Tuesday, May 31, 2016

Success! Doing Family History Research in Greece through the Mail


Over the years I have had trouble documenting my maternal great-grandmother's maiden name.  I had tried to confirm it with my usual favorite source - The U.S. Social Security Application.  On this particular form the applicant must insert the maiden name of his or her mother.  I looked at the information my grandfather and his brother filled out.



The application done by my grandfather, Frank Tsiones, states that his mother's name was Anna Manutes.  My mother did not think that sounded correct, but she was not sure what the name should be.  His brother, Christ Tsiones, wrote his mother's name as Athanasia  Maniatis (it is very hard to read).

It is unclear what the maiden name was.  

I then looked at the 1865 General Election lists from the village of Kapareli, searching for surnames that were similar to what I saw on the Social Security Applications.
There were 7 men listed in the 1865 Election Lists with the name Maniatis.  
No one was listed with the name Manutes.

I decided to write to the GAK, General Archves for the region of Tripoli, Greece using a form letter I had purchased years ago from Lica Catsakis.  

In order to read the following documents better, you can save a copy to your computer then enlarge them to your hearts delight so that you can see them clearly.





Below you will also find a blank English form translation that was provided by Lica Catsakis.




Last week I received the response along with my $20 and a note stating that it was their obligation to do this for me and I didn't need to send the donation.





Not only did they confirm the maiden name of my great grandmother as Maniatis, but now I have the date of their marriage and the fact that it may have been her father, Georgios Maniatis, that performed the ceremony.  I say "may have been" because there were several Georgios Maniatis at the time.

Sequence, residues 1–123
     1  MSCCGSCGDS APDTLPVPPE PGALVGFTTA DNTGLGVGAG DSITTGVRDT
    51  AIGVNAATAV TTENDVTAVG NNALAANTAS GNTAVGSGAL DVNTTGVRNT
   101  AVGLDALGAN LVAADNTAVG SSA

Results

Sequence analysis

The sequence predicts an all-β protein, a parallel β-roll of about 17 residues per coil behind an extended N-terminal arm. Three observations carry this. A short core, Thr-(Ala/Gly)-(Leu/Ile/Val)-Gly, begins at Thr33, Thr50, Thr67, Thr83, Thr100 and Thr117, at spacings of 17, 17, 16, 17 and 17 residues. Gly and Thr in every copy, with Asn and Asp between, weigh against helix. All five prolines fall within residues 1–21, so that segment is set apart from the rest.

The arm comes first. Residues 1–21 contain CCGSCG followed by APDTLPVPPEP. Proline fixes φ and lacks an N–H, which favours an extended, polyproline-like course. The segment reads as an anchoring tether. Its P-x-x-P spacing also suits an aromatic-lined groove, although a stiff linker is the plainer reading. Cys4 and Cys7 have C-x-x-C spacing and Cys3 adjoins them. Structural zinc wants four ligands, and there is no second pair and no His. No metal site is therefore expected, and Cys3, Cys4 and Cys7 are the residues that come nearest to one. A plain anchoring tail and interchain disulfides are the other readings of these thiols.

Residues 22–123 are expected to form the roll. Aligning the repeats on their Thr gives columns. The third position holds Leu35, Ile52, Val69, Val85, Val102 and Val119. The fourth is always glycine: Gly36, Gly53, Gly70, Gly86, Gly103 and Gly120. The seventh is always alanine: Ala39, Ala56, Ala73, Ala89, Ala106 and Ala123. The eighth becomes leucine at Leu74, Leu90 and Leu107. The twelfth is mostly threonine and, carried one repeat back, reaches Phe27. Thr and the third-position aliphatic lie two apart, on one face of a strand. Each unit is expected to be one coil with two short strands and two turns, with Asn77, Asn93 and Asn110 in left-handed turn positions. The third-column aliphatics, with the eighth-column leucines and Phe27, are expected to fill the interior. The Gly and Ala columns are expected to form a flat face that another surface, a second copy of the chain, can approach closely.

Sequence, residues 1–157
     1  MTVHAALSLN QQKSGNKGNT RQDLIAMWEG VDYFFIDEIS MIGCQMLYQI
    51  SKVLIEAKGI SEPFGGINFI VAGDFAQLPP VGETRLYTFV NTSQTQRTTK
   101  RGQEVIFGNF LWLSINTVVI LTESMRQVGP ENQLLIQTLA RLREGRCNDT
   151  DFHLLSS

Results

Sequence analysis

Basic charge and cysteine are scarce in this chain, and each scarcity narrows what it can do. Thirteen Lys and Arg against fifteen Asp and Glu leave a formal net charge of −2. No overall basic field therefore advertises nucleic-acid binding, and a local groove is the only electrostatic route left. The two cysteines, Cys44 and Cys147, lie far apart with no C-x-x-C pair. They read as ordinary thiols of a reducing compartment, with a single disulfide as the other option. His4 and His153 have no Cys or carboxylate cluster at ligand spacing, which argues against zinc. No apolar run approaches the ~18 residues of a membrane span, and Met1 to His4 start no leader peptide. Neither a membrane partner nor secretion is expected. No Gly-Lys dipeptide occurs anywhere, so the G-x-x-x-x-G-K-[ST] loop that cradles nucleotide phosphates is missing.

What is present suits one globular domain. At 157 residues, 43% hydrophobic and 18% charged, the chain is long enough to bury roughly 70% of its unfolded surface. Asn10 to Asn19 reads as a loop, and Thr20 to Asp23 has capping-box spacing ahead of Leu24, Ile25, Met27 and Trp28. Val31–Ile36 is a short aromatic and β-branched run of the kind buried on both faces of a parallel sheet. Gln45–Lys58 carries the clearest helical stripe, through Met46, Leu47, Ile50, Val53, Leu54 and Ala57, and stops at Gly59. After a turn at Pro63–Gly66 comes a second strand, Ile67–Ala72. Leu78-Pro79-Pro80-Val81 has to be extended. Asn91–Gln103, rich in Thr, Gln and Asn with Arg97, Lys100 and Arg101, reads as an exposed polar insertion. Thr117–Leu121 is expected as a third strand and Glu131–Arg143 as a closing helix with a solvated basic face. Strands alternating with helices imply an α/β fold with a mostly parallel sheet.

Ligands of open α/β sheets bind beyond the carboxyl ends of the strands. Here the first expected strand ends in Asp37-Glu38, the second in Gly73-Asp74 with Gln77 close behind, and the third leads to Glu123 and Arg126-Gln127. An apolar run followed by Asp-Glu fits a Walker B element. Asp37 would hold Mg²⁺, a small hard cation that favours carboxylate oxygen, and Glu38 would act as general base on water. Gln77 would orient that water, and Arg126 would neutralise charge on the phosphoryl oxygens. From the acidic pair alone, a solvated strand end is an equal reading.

I have always found the people working in the Mayor's offices or the GAK to be very helpful.  It does help to try to write your request in Greek.  If I do not have a Greek form letter to help me out, I will usually try to write in Greek, apologize for my lack of Greek language skills, and include a duplicate request in English.  

Good luck with YOUR Greek family history research.




Sunday, May 15, 2016

Anton and Louis: the Proto Brothers of the Southwestern Borderlands

Nogales, AZ, near the US/Mexico Border


ANTON AND LOUIS:
THE PROTO BROTHERS OF THE SOUTHWESTERN BORDERLANDS


Published in The National Herald, April 23-29, 2016 Issue
Authored by Steve Frangos, TNH Staff Writer

------------------------------

We are excited to announce that The National Herald has given Hellenic Genealogy Geek the right to reprint articles that may be of interest to our group. 



------------------------------


CHICAGO- Anton and Louis Proto remain key figures in the development of the early Arizona/Mexico borderlands. While these two Greek immigrant brothers initially only sought to establish their own livelihoods, they simultaneously helped to literally create the economy of this expansive area.

Serving as what can only be called cultural go-betweens, the brothers were incredibly agile in their decade-long movements back and forth across cultures and political borders.